The Art of Bringing Your Whole Self to Work
By: Sophia Ronga / June 7, 2019
Or, How I Learned to Reject Business Casual Dress, Show Up Everyday in my Sneakers, and Only Be Half Kidding
The best advice I received prior to graduation was from a woman I didn’t know at all. At a panel discussion with recent alumni about what the world is like beyond the confines of your college campus, one of the last pieces of advice was about bringing yourself to the office. Not entirely in the way of letting people know your interests and hobbies - though that is important - but more so in not changing who you are simply because you’re entering the working world.
“You don’t have to business yourself up just because your dress code went from pulling on a hoodie five minutes before class to business casual. You don’t have to change how you think, speak, and respond to situations. There isn’t a work you and an outside of work you. Just be you.”
The advice is sage. After all, the benefits of being yourself in the office include all of the good things: less likely to experience burnout, more likely to report feeling supported by your superiors, more likely to show up to work everyday with enthusiasm. Sounds like all good things.
But how exactly should that be put into practice? If I’m a more casual person, should I show up to all of my interviews by tossing my converse-clad feet on the table, leaning back in my chair, and stating, “if you want me, you’ve got to want all of me”?
Eh, maybe save that for six months in.
In the Interview
So often, we “business ourselves up” for interviews. We want to - and are expected to - project the most professional version of ourselves. Even though I’m a huge proponent of showing up to the office in my sneakers (casual Friday is everyday if you try hard enough and hide your feet under your desk when partners walk by), you can bet that when I was interviewing for my first post-grad job, I wore a dry cleaned dress, a black blazer, low heels, and sometimes even a pair of Nylons.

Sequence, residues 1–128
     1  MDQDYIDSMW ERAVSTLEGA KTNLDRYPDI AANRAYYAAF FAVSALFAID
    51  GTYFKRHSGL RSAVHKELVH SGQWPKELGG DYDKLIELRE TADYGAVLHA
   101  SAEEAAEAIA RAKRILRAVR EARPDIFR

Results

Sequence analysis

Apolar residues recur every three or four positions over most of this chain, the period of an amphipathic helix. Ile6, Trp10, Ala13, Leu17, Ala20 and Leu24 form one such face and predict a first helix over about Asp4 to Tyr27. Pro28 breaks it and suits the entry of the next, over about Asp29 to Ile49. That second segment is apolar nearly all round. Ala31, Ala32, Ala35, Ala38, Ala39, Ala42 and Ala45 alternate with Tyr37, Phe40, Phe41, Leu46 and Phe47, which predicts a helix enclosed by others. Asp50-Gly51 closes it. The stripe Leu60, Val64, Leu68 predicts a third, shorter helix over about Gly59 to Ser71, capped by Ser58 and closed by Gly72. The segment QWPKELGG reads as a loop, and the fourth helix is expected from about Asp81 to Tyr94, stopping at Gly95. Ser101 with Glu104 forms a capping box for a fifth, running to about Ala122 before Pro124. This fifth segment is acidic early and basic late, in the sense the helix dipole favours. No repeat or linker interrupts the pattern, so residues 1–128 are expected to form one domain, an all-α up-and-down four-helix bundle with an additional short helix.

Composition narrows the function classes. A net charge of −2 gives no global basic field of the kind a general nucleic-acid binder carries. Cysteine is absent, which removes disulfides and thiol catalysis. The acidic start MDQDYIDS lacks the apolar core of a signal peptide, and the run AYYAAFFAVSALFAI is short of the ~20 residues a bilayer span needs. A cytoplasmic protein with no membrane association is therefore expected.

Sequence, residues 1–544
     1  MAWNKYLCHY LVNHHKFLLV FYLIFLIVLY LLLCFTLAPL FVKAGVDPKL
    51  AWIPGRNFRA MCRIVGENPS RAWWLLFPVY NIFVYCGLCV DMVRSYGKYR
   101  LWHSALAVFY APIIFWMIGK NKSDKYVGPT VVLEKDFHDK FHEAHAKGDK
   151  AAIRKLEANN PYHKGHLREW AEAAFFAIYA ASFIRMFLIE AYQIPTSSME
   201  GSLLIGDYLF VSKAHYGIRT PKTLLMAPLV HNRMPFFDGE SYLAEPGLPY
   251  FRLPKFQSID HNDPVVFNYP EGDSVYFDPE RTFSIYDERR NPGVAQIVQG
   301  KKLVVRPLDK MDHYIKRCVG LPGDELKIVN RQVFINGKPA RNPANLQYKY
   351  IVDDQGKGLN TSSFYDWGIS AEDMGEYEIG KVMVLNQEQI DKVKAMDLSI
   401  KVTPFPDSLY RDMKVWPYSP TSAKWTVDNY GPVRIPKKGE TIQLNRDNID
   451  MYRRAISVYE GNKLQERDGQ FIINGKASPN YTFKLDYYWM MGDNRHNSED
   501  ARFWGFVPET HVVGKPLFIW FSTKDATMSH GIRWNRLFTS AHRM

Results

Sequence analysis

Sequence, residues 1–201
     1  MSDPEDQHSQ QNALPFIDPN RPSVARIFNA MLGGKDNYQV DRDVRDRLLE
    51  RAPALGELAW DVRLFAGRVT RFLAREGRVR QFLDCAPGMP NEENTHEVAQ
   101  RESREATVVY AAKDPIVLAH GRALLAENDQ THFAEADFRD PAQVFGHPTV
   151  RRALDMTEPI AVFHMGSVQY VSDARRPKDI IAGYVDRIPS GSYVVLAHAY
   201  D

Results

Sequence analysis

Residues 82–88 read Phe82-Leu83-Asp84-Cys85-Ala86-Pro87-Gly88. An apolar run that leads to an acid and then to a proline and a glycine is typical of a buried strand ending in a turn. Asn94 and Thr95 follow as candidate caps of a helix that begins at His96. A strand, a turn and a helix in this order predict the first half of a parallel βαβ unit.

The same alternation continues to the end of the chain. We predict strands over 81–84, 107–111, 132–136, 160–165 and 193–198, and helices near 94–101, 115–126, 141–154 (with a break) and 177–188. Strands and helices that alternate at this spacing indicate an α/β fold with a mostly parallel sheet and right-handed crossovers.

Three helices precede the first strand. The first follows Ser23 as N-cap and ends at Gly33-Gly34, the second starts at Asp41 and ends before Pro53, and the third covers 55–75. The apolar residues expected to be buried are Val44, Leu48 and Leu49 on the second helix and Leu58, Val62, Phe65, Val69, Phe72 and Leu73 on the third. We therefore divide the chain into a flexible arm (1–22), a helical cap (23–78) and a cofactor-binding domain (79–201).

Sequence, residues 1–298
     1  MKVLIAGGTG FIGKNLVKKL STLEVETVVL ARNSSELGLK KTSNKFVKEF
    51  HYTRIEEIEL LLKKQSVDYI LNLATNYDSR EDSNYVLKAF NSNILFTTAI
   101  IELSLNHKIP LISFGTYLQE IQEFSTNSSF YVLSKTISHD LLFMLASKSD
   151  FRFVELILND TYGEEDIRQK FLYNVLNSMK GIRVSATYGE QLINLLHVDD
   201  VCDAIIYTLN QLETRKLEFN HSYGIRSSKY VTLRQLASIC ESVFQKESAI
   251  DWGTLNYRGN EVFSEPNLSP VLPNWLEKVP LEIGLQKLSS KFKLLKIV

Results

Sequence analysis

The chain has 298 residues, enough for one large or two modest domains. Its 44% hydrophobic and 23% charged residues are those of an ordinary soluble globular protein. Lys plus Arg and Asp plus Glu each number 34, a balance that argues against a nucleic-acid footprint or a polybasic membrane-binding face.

But if I was perhaps a more business-ed version of myself with my outfit, I let my authenticity shine through with my first response.
Tell me about yourself and why you’re a good fit for this role.
Most interviewees respond to this question with details of their first work experience and how that led them to apply for the current role, but research suggests that reflecting on your younger you can help bring a more authentic version of yourself to the interview. Prior to your interview, rather than rehearsing an answer that walks the interviewer through your carefully crafted resume, do some soul searching of when work and play were synonymous. What sort of activities were you drawn to? Are you still drawn to those today? How can you relate that to the current position you’re interviewing for? Chances are that if you’ve really thought about why you’re applying for the role, these questions shouldn’t be too hard to answer.
A propensity for summer-induced lemonade stands could mean that you’re a naturally entrepreneurial person. A consistent slew of shows put on for a large audience of just your mom could mean that you’re naturally creative. Thinking back to your younger inclinations can help you learn more about what you gravitated/ still gravitate toward naturally and can say much more about your authentic interests and skills than any cover letter ever could.